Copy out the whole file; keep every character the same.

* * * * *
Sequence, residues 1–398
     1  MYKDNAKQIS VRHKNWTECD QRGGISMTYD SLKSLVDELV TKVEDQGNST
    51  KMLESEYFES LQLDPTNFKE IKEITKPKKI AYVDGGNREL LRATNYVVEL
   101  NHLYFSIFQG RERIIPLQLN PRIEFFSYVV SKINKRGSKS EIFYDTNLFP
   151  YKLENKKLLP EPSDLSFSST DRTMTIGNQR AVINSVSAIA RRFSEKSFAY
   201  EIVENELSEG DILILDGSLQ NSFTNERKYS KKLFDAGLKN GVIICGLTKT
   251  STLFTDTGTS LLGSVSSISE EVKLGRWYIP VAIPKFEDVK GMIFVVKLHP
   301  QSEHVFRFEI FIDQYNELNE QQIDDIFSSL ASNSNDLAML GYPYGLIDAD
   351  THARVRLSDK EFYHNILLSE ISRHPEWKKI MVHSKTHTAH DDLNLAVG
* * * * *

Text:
Sequence, residues 1–398
     1  MYKDNAKQIS VRHKNWTECD QRGGISMTYD SLKSLVDELV TKVEDQGNST
    51  KMLESEYFES LQLDPTNFKE IKEITKPKKI AYVDGGNREL LRATNYVVEL
   101  NHLYFSIFQG RERIIPLQLN PRIEFFSYVV SKINKRGSKS EIFYDTNLFP
   151  YKLENKKLLP EPSDLSFSST DRTMTIGNQR AVINSVSAIA RRFSEKSFAY
   201  EIVENELSEG DILILDGSLQ NSFTNERKYS KKLFDAGLKN GVIICGLTKT
   251  STLFTDTGTS LLGSVSSISE EVKLGRWYIP VAIPKFEDVK GMIFVVKLHP
   301  QSEHVFRFEI FIDQYNELNE QQIDDIFSSL ASNSNDLAML GYPYGLIDAD
   351  THARVRLSDK EFYHNILLSE ISRHPEWKKI MVHSKTHTAH DDLNLAVG